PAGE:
Another way to visualize the efficiency of family selection is through estimates of (Table 1). The for tuber specific gravity of tubers were higher or similar to for tuber yield depending on generation. Estimates of heritability among families for tuber specific gravity ranged from 0.64 (FCG) and 0.92 (TCG) and for tuber yield between 0.28 (SCG) and 0.80 (FCG). These values are in accordance with other estimates taken from half-sib families for tuber specific gravity: 0.43 (RUTTENCURTER et al., 1979), 0.50 and 0.90 (CAPEZIO et al., 1993), 0.45-0.83 (MELO et al., 2011) and also for tuber yield (Melo at al. 2011) which ranged from 0.38 to 0.63. However, in the present study the heritability in the individual clone level was consistently lower, between 0.32 (FCG) and 0.58 (SCG) for tuber specific gravity and 0.01 and 0.19 for tuber yield. This was also observed by Melo et al. (2011) where the h2 varied from 0.14 to 0.68 for FCG and TCG productivity and between 0.10 and 0.78 for tuber specific gravity of tubers. These results indicate low efficiency of selection of individual clones in the FCG. For this reason the selection of individuals clones is not recommended for this character (MARTIN 1984; SWIEZYNSKI 1984; CALIGARI et al., 1986), which reinforces the importance of family selection.

In general, moderate intensities of families selection with stronger intensities of selection within families would promote the selection of superior clones. Therefore, suggestions made by Casler and Brummer (2008) and Hogarth et al. (1997) to assess more families by reducing the number of individuals per family seems more appropriate for potato breeding for heat tolerance. One way to do that is to evaluate a larger number of families with fewer clones (20), while at the same time multiply remaining clones from the families. Once you have made the selection of families, the remaining clones are used in the experiments for clonal selection.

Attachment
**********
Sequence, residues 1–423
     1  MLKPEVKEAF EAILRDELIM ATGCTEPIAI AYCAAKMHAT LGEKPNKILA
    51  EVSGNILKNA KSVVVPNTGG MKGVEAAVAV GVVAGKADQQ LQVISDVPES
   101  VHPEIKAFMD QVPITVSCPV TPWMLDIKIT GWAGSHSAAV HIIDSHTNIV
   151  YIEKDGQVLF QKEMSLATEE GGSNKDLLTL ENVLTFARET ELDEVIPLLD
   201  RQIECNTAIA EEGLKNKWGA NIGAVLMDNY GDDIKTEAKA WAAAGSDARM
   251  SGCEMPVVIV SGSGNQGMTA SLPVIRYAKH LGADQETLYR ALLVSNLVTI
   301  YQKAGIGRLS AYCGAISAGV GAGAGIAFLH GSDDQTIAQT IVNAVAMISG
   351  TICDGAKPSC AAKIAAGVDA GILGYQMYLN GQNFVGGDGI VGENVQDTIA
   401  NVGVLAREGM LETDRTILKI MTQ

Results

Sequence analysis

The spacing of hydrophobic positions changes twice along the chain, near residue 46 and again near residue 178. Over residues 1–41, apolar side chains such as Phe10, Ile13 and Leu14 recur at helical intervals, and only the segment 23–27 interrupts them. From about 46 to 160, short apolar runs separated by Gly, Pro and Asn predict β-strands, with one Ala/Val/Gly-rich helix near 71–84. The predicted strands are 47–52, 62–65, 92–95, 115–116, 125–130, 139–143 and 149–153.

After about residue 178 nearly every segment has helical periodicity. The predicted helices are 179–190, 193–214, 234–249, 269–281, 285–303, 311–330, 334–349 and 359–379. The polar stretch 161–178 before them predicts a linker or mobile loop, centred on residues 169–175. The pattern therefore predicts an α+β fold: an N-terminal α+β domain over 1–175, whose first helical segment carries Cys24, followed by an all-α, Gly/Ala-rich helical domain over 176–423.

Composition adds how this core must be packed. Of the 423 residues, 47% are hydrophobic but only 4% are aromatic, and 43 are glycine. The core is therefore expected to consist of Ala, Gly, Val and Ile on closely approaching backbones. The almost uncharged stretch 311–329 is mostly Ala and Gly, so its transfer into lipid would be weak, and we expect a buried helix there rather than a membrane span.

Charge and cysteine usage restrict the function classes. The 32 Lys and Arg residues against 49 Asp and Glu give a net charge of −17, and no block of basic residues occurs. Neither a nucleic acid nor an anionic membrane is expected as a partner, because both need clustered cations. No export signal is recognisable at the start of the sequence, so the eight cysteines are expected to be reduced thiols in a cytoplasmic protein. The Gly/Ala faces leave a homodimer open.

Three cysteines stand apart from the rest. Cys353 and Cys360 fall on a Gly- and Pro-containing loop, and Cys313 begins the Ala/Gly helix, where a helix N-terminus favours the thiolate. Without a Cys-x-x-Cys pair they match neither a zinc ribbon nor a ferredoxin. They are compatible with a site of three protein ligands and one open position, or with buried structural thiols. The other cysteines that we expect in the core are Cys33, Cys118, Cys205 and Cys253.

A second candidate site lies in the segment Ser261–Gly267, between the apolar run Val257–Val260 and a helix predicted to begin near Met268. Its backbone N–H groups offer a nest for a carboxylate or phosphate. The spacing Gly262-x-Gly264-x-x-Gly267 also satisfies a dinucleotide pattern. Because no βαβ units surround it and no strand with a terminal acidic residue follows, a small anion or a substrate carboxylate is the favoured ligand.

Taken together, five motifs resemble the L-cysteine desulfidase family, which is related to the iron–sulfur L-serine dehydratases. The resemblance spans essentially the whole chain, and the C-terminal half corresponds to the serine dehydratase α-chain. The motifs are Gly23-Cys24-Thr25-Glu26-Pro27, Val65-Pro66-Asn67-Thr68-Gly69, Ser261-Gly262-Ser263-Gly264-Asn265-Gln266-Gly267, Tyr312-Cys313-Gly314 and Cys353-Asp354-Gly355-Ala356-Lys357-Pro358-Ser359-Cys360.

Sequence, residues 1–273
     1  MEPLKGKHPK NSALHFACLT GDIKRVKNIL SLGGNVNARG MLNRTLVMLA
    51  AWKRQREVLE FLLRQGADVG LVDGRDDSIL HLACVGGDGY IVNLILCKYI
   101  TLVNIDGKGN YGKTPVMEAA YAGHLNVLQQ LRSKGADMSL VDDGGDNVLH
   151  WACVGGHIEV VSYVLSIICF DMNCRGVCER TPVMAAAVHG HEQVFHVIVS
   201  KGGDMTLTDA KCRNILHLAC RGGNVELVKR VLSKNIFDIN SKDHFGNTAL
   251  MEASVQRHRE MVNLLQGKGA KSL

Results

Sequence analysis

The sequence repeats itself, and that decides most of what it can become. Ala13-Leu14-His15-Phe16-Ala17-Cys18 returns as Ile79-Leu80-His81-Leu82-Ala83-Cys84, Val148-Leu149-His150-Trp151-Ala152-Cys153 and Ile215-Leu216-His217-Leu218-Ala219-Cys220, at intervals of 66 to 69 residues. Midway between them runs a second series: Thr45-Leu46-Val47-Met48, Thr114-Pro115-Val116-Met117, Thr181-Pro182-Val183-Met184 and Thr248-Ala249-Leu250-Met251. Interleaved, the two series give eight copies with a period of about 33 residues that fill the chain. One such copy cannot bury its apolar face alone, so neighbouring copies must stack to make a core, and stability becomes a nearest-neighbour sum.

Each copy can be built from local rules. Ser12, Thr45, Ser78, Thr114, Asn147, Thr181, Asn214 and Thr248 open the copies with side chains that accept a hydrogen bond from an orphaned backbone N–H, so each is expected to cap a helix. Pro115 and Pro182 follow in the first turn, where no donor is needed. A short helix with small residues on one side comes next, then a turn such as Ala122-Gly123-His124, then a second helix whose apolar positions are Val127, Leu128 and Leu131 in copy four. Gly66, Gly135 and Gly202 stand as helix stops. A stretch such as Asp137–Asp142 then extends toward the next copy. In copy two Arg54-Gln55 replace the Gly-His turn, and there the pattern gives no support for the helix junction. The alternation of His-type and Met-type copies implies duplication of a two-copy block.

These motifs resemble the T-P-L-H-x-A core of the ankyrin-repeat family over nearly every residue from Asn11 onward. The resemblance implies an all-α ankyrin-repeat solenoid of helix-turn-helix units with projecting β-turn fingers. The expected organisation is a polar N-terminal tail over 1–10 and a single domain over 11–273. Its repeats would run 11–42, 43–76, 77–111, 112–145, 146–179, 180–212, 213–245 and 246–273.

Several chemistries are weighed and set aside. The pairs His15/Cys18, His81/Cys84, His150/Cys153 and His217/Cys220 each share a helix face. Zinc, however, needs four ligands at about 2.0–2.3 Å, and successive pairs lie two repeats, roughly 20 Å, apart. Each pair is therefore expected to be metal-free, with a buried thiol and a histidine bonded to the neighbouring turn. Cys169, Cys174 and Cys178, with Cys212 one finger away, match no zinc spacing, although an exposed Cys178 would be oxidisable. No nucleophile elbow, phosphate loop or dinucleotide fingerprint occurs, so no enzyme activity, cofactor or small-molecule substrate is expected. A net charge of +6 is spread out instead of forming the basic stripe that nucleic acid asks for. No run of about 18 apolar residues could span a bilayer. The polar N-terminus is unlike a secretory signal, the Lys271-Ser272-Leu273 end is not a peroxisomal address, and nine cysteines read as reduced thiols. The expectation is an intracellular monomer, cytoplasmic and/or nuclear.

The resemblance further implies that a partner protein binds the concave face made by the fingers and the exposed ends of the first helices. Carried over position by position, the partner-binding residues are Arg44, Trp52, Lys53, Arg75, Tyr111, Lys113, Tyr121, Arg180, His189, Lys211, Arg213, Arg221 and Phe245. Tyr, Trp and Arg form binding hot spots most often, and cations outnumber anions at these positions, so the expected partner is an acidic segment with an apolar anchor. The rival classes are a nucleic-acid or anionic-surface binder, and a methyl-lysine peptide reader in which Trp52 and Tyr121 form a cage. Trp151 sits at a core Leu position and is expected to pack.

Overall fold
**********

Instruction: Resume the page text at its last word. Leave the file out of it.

Table 2 shows the realized gains by selection and realized heritability in the TCG. Though the selection was done in the SCG, realized heritabilities at the family level are higher than the selection of individual clones for both characters, indicating the efficiency of families selection. But it also shows that the gains by selection of individual clones are larger when applying high selection intensity (20%), which has previously been shown by simulations.

 

 

CONCLUSION

Family selection intensities between 50 and 60% showed the greatest gain. Estimates of heritability at the family level were always higher than at the clonal level and corroborate for the more effective selection of families in early generations. The selection of families for tuber specific gravity can be made in the early generations (SG and FCG) regardless of the temperature conditions where the individual clones will be selected. The sequential selection of families with an intensities of 60% in SG and 60% in the FCG would promote greater efficiency for the selection of clones in SCG or TCG. In the case of applying stronger selection intensities for a higher efficiency with sequential selection (SG and FCG) weaker intensities should be applied in the SG and stronger intensity in FCG . Family selection for tuber yield could be practiced in the first generation as long as the selection of clones was not held in contrasting temperature conditions.

 

ACKNOWLEDGMENTS

To CAPES/CNPq- IEL Nacional-Brazil, for the doctoral scholarship from the first author. To Julio C. Ticona Benavente for contributing the programming in R language used in the simulations. To FAPEMIG by financial resources.

 

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Received in october 26, 2011
approved in december 21, 2011